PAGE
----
Picture a small mountain community that still makes its living from gold mines and you probably have a good picture of Alleghany, California.  Nestled near the Tahoe National Forest in Sierra County, this community is the base camp for our 24 hour adventure.
 
My first ever search for gold mines began earlier in the day on Friday with preparations for a 2 hour drive, a cold-hamburger+beans-from-a-can dinner, sleeping bags in the back of a mini-van and my trusty GPSr (whose reliability would be questioned only hours later).

Goldmine route in Alleghany, CA (day 1)
Our trek begins a BaseCamp (as labeled above) and proceeds in a counterclockwise direction.
 
 
At 3:47pm on Friday December 18, 2009 only a few feet from BaseCamp (a mini-van parked alongside the road) we took our first few excited steps on a journey that would last for the next 7 hours 10 minutes and take us about 10.2 miles through uncharted hillsides and brush.
 
Primary objective: The Queen of Sheba Mine.  Why?  We liked the name.
 
1-alleghanyFD.jpg (300x180 pixels)
Time: 3:47pm
elevation: 4,403ft
 
Our trek begins with us passing the rescue team.  We hope not…  We have not yet been into Alleghany proper but we’re hoping for slightly updated services from this town of 121.
Minutes into our hike we come upon our first treasure.  An unexpected and undocumented tunnel beside the road we are travelling down.  The floor of the tunnel is under about a foot of water but it’s way too cool to look inside and imagine those who dug this out.
Unknown mine - 1st find!.jpg (300x227 pixels)
Ready4Fun.jpg (300x227 pixels)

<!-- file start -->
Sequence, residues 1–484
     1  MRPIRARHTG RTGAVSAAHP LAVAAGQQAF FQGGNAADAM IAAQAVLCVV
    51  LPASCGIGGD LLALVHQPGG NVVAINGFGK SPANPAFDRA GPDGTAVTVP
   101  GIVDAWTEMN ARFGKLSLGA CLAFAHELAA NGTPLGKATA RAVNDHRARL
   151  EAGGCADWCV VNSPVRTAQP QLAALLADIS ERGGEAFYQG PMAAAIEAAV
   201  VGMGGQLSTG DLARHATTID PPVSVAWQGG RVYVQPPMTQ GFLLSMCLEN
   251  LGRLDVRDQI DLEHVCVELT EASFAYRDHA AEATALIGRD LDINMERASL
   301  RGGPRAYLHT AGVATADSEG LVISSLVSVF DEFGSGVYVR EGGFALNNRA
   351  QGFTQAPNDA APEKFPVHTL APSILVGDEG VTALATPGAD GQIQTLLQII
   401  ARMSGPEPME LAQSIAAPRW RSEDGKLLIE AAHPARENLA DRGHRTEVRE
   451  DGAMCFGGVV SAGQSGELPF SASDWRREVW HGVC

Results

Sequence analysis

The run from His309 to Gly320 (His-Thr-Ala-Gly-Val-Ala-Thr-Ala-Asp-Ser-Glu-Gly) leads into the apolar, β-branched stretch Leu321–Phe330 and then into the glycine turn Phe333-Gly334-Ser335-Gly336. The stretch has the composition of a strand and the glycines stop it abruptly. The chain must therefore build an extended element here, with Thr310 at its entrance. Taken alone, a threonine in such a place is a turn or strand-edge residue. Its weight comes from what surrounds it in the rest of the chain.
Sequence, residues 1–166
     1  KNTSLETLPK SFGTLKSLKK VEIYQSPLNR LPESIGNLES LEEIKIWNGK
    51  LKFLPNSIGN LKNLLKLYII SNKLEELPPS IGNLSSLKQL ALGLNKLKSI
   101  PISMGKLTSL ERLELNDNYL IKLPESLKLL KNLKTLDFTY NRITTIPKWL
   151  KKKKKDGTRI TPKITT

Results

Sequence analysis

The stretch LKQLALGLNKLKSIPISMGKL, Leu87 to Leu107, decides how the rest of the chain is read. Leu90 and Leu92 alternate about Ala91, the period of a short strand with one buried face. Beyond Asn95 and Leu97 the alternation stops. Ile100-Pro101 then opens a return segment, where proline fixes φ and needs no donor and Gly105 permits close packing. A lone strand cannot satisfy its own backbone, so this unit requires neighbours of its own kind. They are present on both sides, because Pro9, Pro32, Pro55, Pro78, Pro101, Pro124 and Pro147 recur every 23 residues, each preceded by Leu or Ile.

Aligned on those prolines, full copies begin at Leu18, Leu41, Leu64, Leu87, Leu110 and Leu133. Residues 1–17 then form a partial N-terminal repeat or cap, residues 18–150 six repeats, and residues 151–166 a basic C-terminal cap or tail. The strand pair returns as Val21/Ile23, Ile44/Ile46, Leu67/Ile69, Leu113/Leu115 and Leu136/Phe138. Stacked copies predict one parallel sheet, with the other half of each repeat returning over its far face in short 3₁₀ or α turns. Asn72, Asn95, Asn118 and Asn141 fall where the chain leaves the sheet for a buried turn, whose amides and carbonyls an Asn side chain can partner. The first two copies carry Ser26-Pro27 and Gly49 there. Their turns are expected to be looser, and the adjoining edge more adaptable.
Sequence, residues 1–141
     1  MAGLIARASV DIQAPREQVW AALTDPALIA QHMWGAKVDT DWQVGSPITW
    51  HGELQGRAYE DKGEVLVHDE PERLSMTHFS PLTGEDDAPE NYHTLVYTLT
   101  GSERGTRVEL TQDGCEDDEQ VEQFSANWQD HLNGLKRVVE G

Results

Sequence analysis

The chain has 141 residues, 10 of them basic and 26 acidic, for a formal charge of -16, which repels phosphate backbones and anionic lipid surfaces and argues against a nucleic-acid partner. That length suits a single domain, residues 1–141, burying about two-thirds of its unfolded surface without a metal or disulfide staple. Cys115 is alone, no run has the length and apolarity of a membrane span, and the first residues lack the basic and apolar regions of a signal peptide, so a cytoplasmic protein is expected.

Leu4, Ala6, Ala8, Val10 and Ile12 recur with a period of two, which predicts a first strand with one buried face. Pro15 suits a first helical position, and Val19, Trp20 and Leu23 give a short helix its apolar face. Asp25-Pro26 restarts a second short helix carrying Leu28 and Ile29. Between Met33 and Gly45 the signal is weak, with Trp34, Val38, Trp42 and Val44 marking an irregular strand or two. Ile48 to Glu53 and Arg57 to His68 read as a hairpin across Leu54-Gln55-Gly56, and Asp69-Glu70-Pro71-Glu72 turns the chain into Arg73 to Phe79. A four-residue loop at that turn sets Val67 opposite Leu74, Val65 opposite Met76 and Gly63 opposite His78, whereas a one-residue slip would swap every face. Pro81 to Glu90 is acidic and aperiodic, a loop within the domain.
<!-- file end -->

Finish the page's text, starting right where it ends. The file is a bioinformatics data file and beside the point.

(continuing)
Okay, time for the courtesy pose before we’re worn out, dirty and downright not hospitable to “pose’n.”
Oriental Mine.jpg (300x225 pixels)
Time: 4:17pm

Oriental Mine
elevation: 3,716ft
 
Our first “official” mine.  This is as close as we got the mine in deference to the owners.  During this entire trip we want to be respectful of any trespassing signage.  So far no signage, but sometimes it’s kind of obvious when you will not be welcome to proceed further.
Time: 4:24pm
 
From Oriental Mine we proceeded several yards downhill to Kanaka Creek.  After searching for a few minutes for a dry crossing and looking at the declining sun we arrive dryly on the other side and our bushwhacking begins.
Kanaka Creek.jpg (300x225 pixels)
Parttimers cabin.jpg (300x225 pixels)
Eyeing the ridgeline in the distance as we follow the Kanaka Creek ravine, we come across a “part-timers” cabin.  Cabin is all locked up for the season and we are careful to take only memories.
Light level 1½hr in.jpg (300x221 pixels)
Time: 5:12pm

Kenton Mine
elevation: ~3,700ft
We arrive in the vicinity but in the twilight of dusk but are unable to find our first “in the wilderness” find.
 

Time: 5:41pm
Here is my attempt to capture the sliver of the moon which will soon slip below the ridgeline.
We are now definitely headed up.  At this time we are about 400ft above the Kenton Mine location headed to 4,300’ before descending the other side of the hill.
Last .2mi to QoShebaA.jpg (150x111 pixels)Last .2mi to QoShebaB.jpg (150x111 pixels)
For posterities sake I’d like you all to know that going through more than 1,000 ft (.2 mile) of this stuff, downhill, in the dark, when most of the bush is 4ft tall is not the most exciting thing you can ever do.  Imagine being netted in a tangled mess with every step as gravity tugs you downward at a higher velocity than you can untangle yourself.  But with only 3/10 mile to go to our trips objective we endure.
Queen Of Sheeba for posterity - but wait!.jpg (200x150 pixels)
Time: 7:28pm
 
The sad, sad reality is that after more than 3½ hours we are  unable to spot the Queen of Sheba.  So after 2.9 mountainous, bushwhacking miles (or 1.2 miles as the crow flies) I photograph a tree for posterity and “proof” of our feat.